SANTA ANA, Calif. (CNS) – When children ages 5-11 got their first vaccinations for COVID-19 on Thursday, hospital admissions rose to over 200 patients.
Hospital admissions rose from 198 Wednesday to 215 Thursday, with the number of ICU patients increasing from 46 to 51.
What you need to know
- Orange County made pediatric COVID vaccines available on Thursday
- COVID-19 hospital stays increased from 198 Wednesday to 215 Thursday
- The number of intensive care patients rose from 46 to 51
- The case rate per 100,000 unvaccinated population was 15.7 on October 23 and rose to 17.5 on October 30, the latest data available
Orange County has 21.7% of its ICU beds and 68% of its ventilators.
The county also added 292 more infections, bringing the cumulative number to 306,274, and recorded three more deaths, bringing the cumulative death toll to 5,612.
On Wednesday morning, the Working Group on the Scientific Safety Review of the Western States announced its approval for the emergency use of Pfizer vaccine for children ages 5-11 through the United States Centers for Disease Control to the governors of the western states, including California.
Dr. Dan Cooper, a pediatrician at UC Irvine’s Department of Immunology, said he advises parents to get their children vaccinated. However, he makes sure to tell reluctant parents to at least think about it. He does not favor any mandates.
“I’d like to try getting parents to get the vaccine first,” Cooper told New Sources. “It’s a delicate situation. You make a decision about someone else, not about yourself.”
Cooper noted that “because it’s less severe,” a problem in children, “we have a little more air to breathe”.
He said a third of his patients’ parents want their children to be vaccinated right away, a third are reluctant but open-minded, and another third are simply against it.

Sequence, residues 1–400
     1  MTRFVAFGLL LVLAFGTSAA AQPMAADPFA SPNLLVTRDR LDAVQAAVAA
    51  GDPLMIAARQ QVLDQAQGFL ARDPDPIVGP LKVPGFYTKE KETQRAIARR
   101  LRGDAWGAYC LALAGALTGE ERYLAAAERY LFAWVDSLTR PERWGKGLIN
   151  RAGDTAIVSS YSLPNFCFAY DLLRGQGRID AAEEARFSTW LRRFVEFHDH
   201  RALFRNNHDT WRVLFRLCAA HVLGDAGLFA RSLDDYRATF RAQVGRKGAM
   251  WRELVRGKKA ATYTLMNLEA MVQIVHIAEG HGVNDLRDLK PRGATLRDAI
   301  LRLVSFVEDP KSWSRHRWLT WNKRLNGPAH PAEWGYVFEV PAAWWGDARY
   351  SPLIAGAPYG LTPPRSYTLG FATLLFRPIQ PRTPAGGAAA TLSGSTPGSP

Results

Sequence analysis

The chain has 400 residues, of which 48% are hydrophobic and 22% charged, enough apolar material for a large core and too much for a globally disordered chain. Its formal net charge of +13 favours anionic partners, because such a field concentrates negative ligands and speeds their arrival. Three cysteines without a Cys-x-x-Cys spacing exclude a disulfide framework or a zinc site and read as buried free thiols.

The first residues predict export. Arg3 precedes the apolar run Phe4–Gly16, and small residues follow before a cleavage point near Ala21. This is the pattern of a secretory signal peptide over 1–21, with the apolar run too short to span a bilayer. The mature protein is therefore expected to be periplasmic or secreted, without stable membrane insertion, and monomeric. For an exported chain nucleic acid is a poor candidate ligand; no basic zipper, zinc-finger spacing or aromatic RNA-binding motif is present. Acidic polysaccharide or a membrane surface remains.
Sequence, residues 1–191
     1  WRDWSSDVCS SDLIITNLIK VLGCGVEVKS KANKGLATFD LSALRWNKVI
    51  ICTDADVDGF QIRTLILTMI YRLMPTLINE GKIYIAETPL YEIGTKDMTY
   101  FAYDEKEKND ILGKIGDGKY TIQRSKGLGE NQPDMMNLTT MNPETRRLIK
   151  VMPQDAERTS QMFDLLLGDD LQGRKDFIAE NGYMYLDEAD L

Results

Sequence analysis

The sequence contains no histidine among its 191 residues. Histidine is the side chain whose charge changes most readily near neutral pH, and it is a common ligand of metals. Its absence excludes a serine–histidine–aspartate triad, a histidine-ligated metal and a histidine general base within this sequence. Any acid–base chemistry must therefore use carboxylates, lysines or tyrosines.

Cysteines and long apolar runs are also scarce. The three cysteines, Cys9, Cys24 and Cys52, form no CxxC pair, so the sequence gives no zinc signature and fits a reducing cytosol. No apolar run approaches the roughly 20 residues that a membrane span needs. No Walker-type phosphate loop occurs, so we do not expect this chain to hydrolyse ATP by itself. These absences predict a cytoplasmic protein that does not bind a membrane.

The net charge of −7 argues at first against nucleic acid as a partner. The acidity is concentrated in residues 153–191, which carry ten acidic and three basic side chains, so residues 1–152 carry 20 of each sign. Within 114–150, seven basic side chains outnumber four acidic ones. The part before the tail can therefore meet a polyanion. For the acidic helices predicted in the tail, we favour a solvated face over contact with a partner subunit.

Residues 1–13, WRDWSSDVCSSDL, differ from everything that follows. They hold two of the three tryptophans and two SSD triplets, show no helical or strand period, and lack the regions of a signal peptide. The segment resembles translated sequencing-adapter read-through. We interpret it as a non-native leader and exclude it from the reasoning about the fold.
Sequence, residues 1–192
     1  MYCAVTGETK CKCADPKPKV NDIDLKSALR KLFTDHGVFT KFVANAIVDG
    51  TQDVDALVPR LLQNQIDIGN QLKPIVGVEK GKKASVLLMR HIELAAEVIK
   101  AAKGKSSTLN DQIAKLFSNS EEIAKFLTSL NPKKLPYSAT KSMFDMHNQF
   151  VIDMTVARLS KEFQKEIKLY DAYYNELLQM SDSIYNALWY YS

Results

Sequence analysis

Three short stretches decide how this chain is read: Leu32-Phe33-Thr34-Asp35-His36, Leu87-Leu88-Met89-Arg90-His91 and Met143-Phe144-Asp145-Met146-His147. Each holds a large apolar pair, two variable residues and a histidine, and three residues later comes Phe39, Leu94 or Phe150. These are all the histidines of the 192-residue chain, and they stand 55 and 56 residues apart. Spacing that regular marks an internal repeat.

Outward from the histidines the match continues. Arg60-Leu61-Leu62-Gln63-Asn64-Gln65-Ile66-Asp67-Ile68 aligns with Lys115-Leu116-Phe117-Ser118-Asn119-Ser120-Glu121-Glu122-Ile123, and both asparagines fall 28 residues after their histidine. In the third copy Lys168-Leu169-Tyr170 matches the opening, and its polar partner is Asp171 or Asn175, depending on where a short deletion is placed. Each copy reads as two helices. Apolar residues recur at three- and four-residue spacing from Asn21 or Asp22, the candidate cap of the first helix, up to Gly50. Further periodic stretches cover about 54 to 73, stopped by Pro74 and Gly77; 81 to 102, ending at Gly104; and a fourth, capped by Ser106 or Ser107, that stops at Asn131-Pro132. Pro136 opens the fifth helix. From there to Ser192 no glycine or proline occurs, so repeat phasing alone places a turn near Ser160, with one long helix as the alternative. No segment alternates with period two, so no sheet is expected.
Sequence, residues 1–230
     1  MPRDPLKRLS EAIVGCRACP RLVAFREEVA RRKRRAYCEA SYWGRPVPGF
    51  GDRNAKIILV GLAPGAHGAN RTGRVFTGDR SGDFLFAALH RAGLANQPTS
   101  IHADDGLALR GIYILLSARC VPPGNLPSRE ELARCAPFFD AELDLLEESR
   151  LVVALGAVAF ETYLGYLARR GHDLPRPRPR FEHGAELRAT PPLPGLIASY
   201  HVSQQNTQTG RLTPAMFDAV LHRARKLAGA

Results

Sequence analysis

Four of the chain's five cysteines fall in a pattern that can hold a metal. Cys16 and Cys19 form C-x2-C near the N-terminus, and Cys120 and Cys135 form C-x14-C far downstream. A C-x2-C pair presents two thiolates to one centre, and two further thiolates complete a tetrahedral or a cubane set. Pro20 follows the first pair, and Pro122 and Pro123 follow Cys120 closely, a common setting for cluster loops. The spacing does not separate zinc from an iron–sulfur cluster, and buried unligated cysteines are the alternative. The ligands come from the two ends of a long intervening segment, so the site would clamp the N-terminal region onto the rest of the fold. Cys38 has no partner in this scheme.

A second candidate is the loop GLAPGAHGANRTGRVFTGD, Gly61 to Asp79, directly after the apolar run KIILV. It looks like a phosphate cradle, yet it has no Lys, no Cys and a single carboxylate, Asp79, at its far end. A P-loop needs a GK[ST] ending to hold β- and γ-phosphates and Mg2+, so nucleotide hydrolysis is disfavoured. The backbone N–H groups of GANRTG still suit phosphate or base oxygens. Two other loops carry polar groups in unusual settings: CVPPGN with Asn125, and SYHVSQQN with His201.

His practice primarily caters to low-income Latino families, and many parents “are so affected by the disease that they want their children to be vaccinated as soon as possible”.
But there is more hesitation in communities that are not as badly hit by COVID-19, Cooper said.
Cooper noted that while COVID-19 hasn’t had that much of an impact on children, it doesn’t mean they’re not at risk of the disease.
“I’m not buying the data that is completely harmless in children because it isn’t,” Cooper said. “There will be children with no underlying illnesses who will get very sick.”
Nor do the experts know what long-term effects COVID-19 could have on some children.
Cooper did a lot of research on the childhood obesity epidemic, saying that obese children are not only more prone to having serious symptoms but are also given less protection from the vaccines.
“It’s just as true in children as it is in adults,” said Cooper. “I hope one of the lessons from this whole thing is that we need to resume our efforts to deal with obesity and inactivity in children. It’s an epidemic. “
The number of fully vaccinated Orange County’s residents rose from 2,177,053 last Thursday to 2,190,754 this week.
That number includes an increase from 2,032,863 to 2,045,291 residents who received two-dose vaccines from Pfizer or Moderna. The number of residents who received the one-time Johnson & Johnson vaccine rose from 144,190 to 145,463.
There are 185,936 residents who received a dose of the Pfizer or Moderna vaccine.
The leading suppliers of vaccines are OCHCA with 26%, CVS with 19%, Walgreens with 6%, Kaiser Permanente with 5%, UC Irvine Health with 3%, Walmart with 2%, Safeway, Vons and Pavilions with 1%, Families Together Orange County with 1% and several others also with 1%.
Orange County’s weekly averages of COVID-19 cases and positivity rates rose after several weeks of gradual decline, according to data released Tuesday by the Orange County Health Department.
The county’s weekly COVID-19 case rate per 100,000 population rose from 6 to 7.2, while the test positive rate rose from 2.3% to 2.5%. The county’s health equity quartile positivity rate – which measures progress in low-income communities – increased from 2.3% to 2.4%.
The fall rate among the unvaccinated has increased significantly, and a slight increase was also noted among the vaccinated, according to the OCHCA.
The case rate per 100,000 unvaccinated population was 15.7 on October 23 and rose to 17.5 on October 30, the latest data available. For fully vaccinated residents, it was 3.4 per 100,000 residents on October 23 and 3.6 on October 30.
The three deaths logged on Thursday occurred in October, bringing the death toll to 59 last month.
The death toll in September stands at 167, just off the August figure of 172.
In contrast, the death toll before the more contagious surge in the Delta variant was 29 in July, 19 in June, 26 in May, 46 in April, 200 in March, 615 in February, 1,585 in January – the deadliest month of the pandemic – and 977 for December, the next deadliest.